Tag Archives: legal

Protecting Parking Patrons’ Personally Identifiable Information

data protection and internet security concept, woman user typing password on computer for secured accessParking payment technology has advanced from the spare change in your wallet to an app on your phone hosted in the cloud. Digital parking apps and services provide ease and convenience to both parties to a digital parking transaction. However, while feeding quarters in a parking meter is a rather anonymous transaction, the use of a digital platform for a parking transaction requires a user to provide, and a company to store, personal and financial information of its users. This creates a duty for parking technology providers to properly secure and safeguard highly-valuable, protected personally identifiable information.

In the digital realm, protected personally identifiable information (PII) includes names, license plate numbers, email addresses, phone numbers, vehicle nicknames, passwords, and home addresses. Hackers and digital scammers spend a lot of time and effort attempting to infiltrate digital platforms to steal PII for criminal enterprise, resulting in billions of dollars of losses due to identity theft and fraud. The failure to properly secure customer PII can create liability to a digital service provider for reckless or negligent disclosure.

Michael J. Ash, Esq., CRE, partner with Carlin & Ward, shares the potential pitfalls and liabilities of personally identifiable data and some great tips for avoiding them, in this month’s Parking & Mobility magazine. Click here to read the whole article.

IPMI Webinar: The CCPA and State Efforts to Protect Consumer Privacy: What the Parking Industry Should Know

Live Online Webcast: Free for CPPA and IPMI Members $25.00 for Non-members

The California Public Parking Association (CPPA) in partnership with IPMI is hosting this presentation that will review the California Consumer Privacy Act of 2018 and various state efforts to protect the privacy of its citizens, including:

  • An overview of common privacy threats and legal landscape:  Shooting at a moving target
  • The intersection of expanding customer expectations and legal obligations
  • Discussion of what makes an information security/privacy program “defensible”?
  • The ROI for investing time and resources in an information security/privacy program
  • Effective strategizing for moving to the next level of cybersecurity and privacy protection


  • Understand the changing legal landscape related to consumer privacy and the likely legal changes on the horizon;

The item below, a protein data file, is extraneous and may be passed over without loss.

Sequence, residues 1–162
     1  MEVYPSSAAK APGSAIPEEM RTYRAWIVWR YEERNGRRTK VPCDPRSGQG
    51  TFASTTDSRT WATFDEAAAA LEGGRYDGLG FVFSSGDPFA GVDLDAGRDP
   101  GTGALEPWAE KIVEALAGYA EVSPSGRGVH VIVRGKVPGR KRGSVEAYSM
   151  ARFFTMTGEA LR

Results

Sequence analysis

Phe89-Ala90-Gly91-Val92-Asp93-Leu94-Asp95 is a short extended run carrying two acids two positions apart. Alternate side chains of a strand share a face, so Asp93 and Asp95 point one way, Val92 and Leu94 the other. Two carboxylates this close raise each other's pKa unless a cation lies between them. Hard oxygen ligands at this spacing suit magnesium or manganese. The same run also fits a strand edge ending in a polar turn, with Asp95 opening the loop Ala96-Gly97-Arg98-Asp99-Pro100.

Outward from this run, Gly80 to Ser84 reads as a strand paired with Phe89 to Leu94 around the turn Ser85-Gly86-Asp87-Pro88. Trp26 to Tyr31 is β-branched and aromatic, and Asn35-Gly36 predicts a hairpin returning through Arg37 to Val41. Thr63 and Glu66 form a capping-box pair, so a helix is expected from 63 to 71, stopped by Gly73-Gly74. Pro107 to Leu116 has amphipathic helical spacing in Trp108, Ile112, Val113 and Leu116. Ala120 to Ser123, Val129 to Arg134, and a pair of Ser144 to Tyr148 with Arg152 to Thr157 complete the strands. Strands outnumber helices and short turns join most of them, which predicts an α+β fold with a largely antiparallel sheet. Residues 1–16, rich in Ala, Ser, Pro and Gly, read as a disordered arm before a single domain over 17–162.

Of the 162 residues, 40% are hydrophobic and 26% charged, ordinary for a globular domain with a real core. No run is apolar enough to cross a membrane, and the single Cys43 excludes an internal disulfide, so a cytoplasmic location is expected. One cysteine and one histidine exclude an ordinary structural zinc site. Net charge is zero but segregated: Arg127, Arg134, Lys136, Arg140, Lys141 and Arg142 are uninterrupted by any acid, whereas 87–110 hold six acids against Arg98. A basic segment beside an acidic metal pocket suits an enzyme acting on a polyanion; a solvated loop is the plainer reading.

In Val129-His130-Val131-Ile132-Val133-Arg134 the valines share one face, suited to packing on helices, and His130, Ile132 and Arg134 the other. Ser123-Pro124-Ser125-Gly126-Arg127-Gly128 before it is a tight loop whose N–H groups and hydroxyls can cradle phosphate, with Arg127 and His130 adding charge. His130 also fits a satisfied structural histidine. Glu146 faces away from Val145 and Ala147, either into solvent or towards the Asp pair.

• What efforts that they can engage in now to both prepare to meet their specific legal obligations and to implement information security/privacy program “best practices” in their organizations; and
  • Which internal and external resources (e.g., data privacy officers, outside counsel, information security experts) can help them right-size their efforts regarding a fast changing area of the law.


Sue Friedburg is the co-chair of Buchanan’s Cybersecurity and Data Privacy Group.  Sue advises clients about the rapidly evolving standards of care for safeguarding confidential information and responding effectively to security incidents that threaten to compromise our client’s valuable or protected information.  Sue has extensive experience advising clients on the fast-changing world of consumer privacy laws at the federal and state level.






Robert Holland regularly advises clients from all business sectors on the impact of consumer privacy laws and legislation that continue to be a hot topic across the United States.  Bringing his experience to businesses offering a variety of products and services, Rob helps them address the sometimes thorny implementation issues related to the laws.  No two businesses are the same, and Rob brings that recognition to help each business craft a unique approach to protect their customers and their reputations.






Jason Wrona is a legal veteran to the parking industry, having served as counsel to a number of public and private parking operators and related businesses.  Notably, Jason has served as the outside counsel to the Pittsburgh Parking Authority for more than 10 years.  He has a deep understanding of all facets of the parking industry and is proud to be counted as a “parking nerd.”

A Legal Framework for AV Implementation: Local Government

By Michael J. Ash, Esq., CRE

THE LAST MILE IN TRANSPORTATION will also be the most important in the implemen­tation of autonomous vehicles (AVs). While AV applications will have their place on highways, the most noticeable and profound effects AVs will bring to daily life will oc­cur in urban areas. Local governments and regulators will have the ability to reshape the built environment to accommodate AVs and changes to our transportation, parking, and mobility demands. Local governments should therefore be receptive to the needs of their constituents and plan for the integration of AVs into daily life.

This article is third in a four-part series on the legal challenges presented by emerging technologies. Part 4 in the series will examine challenges in the private sector with the regulation of autonomous vehicles. To read the first two articles, visit parking-mobility. org/resource­center and search “AV framework.”